Mark D. Goldstein, CFP®
Certified Financial Planner
NEW MEXICO OFFICE
Pueblo Plaza Executive Suites
1100 S. Main St., Suite 10
Las Cruces, NM 88005
Intelligent Office Complex
7362 Remcon Circle
El Paso, TX 79912
3701 Algonquin Rd., Suite 150
Rolling Meadows, IL 60008
(877) 442-0698 Toll-Free
"Guaranteed SAFE-Money Solutions for a Successful Retirement!"
I hear it all the time: "Come on, Mark, it sounds too good to be true. How's that even possible?"
Warning: This gets a bit technical, but here's how index annuities really work...
When an insurance company issues an index annuity contract, first and foremost, they guarantee that your money is protected. When the stock market goes up, you get to participate in the gains. But, when the stock market goes down, you never lose anything.
You see, when you deposit your money with the insurance company that issues your index annuity, they use that money for three purposes:
1. They put most of the money in bonds, which earn interest.
2. They deduct a small amount for their own profit and expenses. It's called a "spread".
3. They use the rest of the interest money to buy index options.
Index options provide the horsepower to deliver all that (double-digit) upside accumulation potential that’s possible with (100% SAFE) index annuities.
But, you may be wondering, what's an index? And what the heck are options?
Just think of a market index as a scale that reflects the average price of a particular group of stocks or bonds. The stock index most widely used by investors is the Standard & Poor’s 500, consisting of America's 500 largest corporations.
Options are bought and sold every day, just like stocks. They give you the right (but not the obligation) to buy or sell something in the future at a pre-determined price.
In other words, a trucking company might buy an option to purchase 10,000 gallons of gasoline next year for a specific price as a way to protect themselves from higher future prices. Or, an investor might buy options simply to earn a profit.
Example: Let’s suppose you pay $500 for the option to buy 10,000 gallons of gasoline next year at $3.00 per gallon. If the price of gasoline jumps to $4.00 per gallon, your $500 option will be worth $10,000... and you could sell it for that amount.
That’s because you own the right to buy 10,000 gallons of gasoline for $30,000 (at $3.00 per gallon) and sell it for $40,000 ($4.00 per gallon). If you sell the option, your profit will be $9,500 ($10,000 minus the $500 "premium" you paid for the option).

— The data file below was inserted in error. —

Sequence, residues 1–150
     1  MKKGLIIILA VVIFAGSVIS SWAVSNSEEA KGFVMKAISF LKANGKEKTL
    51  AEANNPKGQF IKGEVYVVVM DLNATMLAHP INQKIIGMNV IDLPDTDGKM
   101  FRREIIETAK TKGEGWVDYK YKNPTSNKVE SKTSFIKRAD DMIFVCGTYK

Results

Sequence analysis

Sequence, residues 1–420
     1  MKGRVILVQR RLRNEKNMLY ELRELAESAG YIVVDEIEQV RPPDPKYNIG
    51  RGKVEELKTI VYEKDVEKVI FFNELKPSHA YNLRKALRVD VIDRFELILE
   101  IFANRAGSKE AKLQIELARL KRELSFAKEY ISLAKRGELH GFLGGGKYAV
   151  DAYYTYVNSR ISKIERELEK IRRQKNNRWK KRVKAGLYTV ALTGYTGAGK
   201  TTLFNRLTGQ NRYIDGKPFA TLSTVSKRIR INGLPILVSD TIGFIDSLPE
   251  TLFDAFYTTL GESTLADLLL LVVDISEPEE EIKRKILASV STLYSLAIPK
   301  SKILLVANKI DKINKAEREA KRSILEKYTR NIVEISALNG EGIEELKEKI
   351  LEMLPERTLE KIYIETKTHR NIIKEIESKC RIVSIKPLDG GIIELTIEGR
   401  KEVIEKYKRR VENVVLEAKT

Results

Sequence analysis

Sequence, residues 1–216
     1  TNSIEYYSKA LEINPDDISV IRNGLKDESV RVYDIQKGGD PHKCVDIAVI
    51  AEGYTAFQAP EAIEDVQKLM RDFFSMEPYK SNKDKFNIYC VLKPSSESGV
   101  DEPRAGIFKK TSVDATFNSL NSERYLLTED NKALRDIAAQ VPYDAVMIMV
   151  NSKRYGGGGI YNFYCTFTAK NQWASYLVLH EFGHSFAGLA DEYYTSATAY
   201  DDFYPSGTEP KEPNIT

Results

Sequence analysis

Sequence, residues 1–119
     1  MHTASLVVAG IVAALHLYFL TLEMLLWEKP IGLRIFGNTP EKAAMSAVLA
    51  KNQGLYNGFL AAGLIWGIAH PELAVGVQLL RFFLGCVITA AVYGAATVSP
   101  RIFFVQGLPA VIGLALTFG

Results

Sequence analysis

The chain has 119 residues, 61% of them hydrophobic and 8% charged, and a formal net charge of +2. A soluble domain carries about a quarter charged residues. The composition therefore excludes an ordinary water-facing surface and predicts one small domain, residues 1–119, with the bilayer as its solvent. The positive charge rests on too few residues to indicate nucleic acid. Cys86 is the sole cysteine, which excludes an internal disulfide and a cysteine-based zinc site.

When insurance companies use your bond interest as "premium" to buy index options, they are doing the same thing as the buyer of gasoline options in my example. But, instead of profiting from a rise in gasoline prices, you profit from a rise in the stock market (as measured by a market index, like the S&P 500).
Is this beginning to make sense?
My point is that, like our buyer of gasoline options who generated a 1,900% return on investment when the price of gasoline went up, the buyers of index options can multiply their investment many times when the stock market goes up.
If, on the other hand, the market goes down, they let their options expire. Basically, you're giving up the relatively small amount of interest on the bonds for the opportunity of much greater upside potential.
And, at the same time, your principal and all previous gains are locked-in and can never be lost!
PLUS, at the beginning of every contract year, you have a brand new starting point and NEVER have to recover any previous losses (unlike all those folks that invested directly in the market)!
And that, my friends, is the "secret sauce" and awesome power of the "Annual Reset".
So, as you can see, with index annuities (not to be confused with variable annuities, please!), the insurance company never invests your money directly in stocks or mutual funds. Instead, it invests in options on all the stocks in a particular market index.
Unfortunately, a lot of people (including well-known financial "celebrities") remain confused and think that index annuities involve investments in the stock market.
Clearly, they do not.